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      Enhanced activity of a large conductance, calcium-sensitive K+ channel in the presence of Src tyrosine kinase.

      The Journal of Biological Chemistry

      genetics, metabolism, Large-Conductance Calcium-Activated Potassium Channels, Mice, Humans, Patch-Clamp Techniques, Phosphorylation, Potassium Channels, Potassium Channels, Calcium-Activated, Potentiometry, Recombinant Proteins, src-Family Kinases, Animals, Electric Conductivity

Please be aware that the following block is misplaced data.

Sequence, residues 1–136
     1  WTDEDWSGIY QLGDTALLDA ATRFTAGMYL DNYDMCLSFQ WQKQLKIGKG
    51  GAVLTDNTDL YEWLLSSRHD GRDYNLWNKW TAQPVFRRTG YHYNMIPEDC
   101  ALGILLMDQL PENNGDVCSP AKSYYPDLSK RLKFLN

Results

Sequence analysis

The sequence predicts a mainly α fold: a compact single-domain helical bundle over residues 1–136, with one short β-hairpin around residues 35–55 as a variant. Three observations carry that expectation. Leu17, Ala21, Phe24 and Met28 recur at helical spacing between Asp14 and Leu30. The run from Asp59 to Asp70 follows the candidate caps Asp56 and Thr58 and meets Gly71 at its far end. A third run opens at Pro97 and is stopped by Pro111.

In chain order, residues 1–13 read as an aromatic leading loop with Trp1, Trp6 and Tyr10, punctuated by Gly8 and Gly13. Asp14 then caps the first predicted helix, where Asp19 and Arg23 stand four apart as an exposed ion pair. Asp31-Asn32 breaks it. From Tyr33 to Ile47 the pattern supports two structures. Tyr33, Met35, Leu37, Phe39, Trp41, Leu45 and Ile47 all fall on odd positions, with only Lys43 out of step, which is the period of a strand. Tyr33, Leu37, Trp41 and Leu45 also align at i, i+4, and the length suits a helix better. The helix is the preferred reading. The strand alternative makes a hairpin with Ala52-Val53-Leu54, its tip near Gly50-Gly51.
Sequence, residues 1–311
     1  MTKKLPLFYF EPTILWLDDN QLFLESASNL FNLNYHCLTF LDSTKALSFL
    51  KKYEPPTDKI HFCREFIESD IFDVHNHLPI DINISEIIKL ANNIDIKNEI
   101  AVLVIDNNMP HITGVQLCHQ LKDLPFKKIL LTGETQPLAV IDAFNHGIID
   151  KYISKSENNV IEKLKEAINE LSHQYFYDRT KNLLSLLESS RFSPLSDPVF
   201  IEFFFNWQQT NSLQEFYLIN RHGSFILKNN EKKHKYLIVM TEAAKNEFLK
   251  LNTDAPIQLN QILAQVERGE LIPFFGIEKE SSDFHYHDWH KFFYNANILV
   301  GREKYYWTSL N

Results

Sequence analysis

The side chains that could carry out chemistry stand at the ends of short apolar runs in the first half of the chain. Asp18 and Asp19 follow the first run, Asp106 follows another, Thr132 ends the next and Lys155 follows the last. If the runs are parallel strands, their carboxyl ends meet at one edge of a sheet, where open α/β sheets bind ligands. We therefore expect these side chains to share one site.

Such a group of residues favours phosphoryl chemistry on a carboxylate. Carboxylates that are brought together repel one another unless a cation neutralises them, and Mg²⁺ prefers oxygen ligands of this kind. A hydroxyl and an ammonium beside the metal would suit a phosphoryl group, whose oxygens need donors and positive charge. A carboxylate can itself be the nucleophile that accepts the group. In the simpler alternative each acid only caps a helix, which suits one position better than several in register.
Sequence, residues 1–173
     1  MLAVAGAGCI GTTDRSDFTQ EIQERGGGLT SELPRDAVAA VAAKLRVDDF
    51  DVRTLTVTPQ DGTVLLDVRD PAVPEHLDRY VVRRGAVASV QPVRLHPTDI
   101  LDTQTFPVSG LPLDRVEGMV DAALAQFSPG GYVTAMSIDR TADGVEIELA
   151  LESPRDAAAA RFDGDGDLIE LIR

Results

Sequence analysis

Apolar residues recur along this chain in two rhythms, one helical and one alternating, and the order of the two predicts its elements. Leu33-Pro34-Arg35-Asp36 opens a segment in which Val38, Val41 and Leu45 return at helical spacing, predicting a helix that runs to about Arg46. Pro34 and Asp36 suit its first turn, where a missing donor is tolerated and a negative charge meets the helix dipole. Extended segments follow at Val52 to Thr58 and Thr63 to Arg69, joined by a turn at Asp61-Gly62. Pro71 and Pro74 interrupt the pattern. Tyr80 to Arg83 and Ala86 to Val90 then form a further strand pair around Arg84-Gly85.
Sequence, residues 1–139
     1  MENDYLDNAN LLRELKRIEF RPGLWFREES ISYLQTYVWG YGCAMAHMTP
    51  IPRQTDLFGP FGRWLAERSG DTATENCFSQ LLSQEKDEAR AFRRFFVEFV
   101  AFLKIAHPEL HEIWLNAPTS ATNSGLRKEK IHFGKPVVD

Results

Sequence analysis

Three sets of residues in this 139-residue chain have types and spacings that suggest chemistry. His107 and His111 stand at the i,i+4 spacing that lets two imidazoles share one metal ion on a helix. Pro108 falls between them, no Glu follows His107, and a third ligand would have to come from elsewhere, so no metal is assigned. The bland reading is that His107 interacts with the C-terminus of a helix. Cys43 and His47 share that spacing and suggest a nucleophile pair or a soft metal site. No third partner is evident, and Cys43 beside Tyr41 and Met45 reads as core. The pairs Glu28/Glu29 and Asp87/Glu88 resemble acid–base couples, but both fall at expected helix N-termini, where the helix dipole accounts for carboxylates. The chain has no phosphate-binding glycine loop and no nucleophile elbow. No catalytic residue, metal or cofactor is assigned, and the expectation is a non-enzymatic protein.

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          Large conductance, calcium-sensitive K(+) channels (BK(Ca) channels) contribute to the control of membrane potential in a variety of tissues, including smooth muscle, where they act as the target effector for intracellular "calcium sparks" and the endothelium-derived vasodilator nitric oxide. Various signal transduction pathways, including protein phosphorylation can regulate the activity of BK(Ca) channels, along with many other membrane ion channels. In our study, we have examined the regulation of BK(Ca) channels by the cellular Src gene product (cSrc), a soluble tyrosine kinase that has been implicated in the regulation of both voltage- and ligand-gated ion channels. Using a heterologous expression system, we observed that co-expression of murine BK(Ca) channel and the human cSrc tyrosine kinase in HEK 293 cells led to a calcium-sensitive enhancement of BK(Ca) channel activity in excised membrane patches. In contrast, co-expression with a catalytically inactive cSrc mutant produced no change in BK(Ca) channel activity, demonstrating the requirement for a functional cSrc molecule. Furthermore, we observed that BK(Ca) channels underwent direct tyrosine phosphorylation in cells co-transfected with BK(Ca) channels and active cSrc but not in cells co-transfected with the kinase inactive form of the enzyme. A single Tyr to Phe substitution in the C-terminal half of the channel largely prevented this observed phosphorylation. Given that cSrc may become activated by receptor tyrosine kinases or G-protein-coupled receptors, these findings suggest that cSrc-dependent tyrosine phosphorylation of BK(Ca) channels in situ may represent a novel regulatory mechanism for altering membrane potential and calcium entry.

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